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Schroder
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Schroder
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PostMon Mar 22, 2021 8:25 am 
If you needed to be airlifted from the mountains in the 70's and 80's there was a good chance that you'd see Fort Lewis or Whidbey Naval Air Station involved. In early 1971, the Army created a MAST unit (Military Assistance to Safety and Traffic) at Gray Field at Fort Lewis together with the Mountain Rescue units in Washington. A two-man volunteer Mountain Rescue team would be on duty every weekend in a "ready-room" on the base and was able to be off the ground in a couple of minutes. All the pilots had just survived tours in Viet Nam and were highly seasoned, giving some of the wildest rides I ever experienced. The rescuers saw every imaginable scene from mountain injuries to car accidents and even delivering babies. I had my camera with me on our first training day in 1971:
MAST 1971
MAST 1971
MAST 1971
MAST 1971
Whidbey Island NAS had several CH-47 Chinook helicopters and were used a lot in Snohomish County, North Cascades and the Olympics. Here's one shot of "Firewood 1" rescuing rafters on the Skykomish River. On one of my more memorable rescue missions in 1972, I was on board this helicopter when they tried to lower me by cable to an injured climber near the top of the North Peak of Mt Index. The terrain was to steep to allow the rotors to clear so I had to be dropped off on a lower ledge just as the sun was setting. It later crashed near Whatcom Pass in the early 1980's with only one survivor.
Firewood 1 - Whidbey NAS
Firewood 1 - Whidbey NAS
Whidbey NAS still has a very active rescue unit utilizing Seahawk helicopters.

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Malachai Constant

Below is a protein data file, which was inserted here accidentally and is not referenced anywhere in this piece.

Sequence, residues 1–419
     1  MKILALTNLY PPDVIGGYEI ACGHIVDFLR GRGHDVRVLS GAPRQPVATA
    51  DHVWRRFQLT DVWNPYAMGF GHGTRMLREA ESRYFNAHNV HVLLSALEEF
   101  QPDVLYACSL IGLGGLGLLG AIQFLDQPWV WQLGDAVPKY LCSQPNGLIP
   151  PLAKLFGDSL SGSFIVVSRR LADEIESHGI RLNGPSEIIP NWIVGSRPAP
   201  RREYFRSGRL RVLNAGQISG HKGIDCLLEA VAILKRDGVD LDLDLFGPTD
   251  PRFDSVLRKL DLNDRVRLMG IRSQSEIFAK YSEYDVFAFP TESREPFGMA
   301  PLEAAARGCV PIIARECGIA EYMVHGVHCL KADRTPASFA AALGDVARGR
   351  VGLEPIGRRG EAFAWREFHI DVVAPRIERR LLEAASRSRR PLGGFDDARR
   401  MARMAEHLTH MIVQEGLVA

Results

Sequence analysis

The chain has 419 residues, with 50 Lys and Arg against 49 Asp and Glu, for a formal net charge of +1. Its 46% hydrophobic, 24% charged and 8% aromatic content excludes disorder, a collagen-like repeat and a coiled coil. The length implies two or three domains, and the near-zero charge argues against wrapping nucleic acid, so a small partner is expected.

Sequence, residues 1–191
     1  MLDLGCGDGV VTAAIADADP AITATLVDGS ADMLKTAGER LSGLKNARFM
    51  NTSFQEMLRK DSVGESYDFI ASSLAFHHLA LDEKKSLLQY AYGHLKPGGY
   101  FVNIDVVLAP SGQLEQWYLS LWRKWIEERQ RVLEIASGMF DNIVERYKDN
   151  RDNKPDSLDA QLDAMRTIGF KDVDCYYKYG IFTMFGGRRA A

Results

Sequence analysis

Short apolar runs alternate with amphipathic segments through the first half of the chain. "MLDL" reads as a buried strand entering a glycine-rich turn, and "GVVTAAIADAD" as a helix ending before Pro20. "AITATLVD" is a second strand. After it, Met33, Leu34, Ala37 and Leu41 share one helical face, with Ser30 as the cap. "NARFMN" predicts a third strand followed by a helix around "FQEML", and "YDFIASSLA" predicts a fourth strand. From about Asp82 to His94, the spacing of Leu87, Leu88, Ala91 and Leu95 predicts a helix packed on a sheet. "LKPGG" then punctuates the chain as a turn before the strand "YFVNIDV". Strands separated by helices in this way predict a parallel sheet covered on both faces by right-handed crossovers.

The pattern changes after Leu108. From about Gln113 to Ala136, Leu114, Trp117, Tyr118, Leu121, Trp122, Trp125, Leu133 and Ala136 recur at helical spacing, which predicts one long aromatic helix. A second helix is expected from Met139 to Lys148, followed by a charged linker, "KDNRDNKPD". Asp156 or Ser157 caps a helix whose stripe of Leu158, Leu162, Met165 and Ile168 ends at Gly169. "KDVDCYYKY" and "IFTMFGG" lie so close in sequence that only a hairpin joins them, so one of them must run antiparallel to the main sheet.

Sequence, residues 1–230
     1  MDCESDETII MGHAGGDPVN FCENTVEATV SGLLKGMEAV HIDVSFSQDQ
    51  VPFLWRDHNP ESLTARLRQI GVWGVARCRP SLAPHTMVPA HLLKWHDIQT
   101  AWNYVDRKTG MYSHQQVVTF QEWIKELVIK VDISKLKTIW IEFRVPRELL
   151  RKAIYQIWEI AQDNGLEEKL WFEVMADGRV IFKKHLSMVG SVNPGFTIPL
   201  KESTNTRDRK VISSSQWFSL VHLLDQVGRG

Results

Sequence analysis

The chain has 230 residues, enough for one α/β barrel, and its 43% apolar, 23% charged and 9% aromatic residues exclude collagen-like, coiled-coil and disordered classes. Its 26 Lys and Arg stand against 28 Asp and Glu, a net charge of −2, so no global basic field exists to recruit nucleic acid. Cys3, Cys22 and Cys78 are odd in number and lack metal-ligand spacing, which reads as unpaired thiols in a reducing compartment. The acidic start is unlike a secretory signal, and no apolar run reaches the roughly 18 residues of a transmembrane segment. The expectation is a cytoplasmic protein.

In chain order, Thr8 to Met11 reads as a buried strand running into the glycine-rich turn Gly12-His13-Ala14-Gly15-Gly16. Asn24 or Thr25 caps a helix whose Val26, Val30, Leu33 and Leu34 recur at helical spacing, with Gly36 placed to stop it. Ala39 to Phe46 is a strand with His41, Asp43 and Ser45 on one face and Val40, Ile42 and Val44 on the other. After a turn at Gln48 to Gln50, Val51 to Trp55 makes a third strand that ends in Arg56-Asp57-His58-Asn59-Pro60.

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PostMon Mar 22, 2021 10:20 am 
Was that the one that crashed at Perfect Pass? I remember the wreckage and it left us with a somber feeling. There was that crashed near Snoqualmie Pass in the early 70ís a friend was working for the State and was a first responder to the fire that started no survivors. RIP China Lake was the go to place in the Sierras because we had helicopters that could hover at high altitudes.

"You do not laugh when you look at the mountains, or when you look at the sea." Lafcadio Hearn
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Schroder
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PostMon Mar 22, 2021 11:06 am 
Yes, it was Perfect Pass. Memory slipping there. It happened on 9/11/80 and there were 2 survivors out of 7 on board.

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runup
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runup
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PostMon Mar 22, 2021 8:18 pm 
Schroder wrote:
All the pilots had just survived tours in Viet Nam and were highly seasoned, giving some of the wildest rides I ever experienced. agree.gif up.gif ---------------------------------------------------------------------------- Whidbey NAS still has a very active rescue unit utilizing Seahawk helicopters. up.gif

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car68
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PostTue Mar 23, 2021 3:37 pm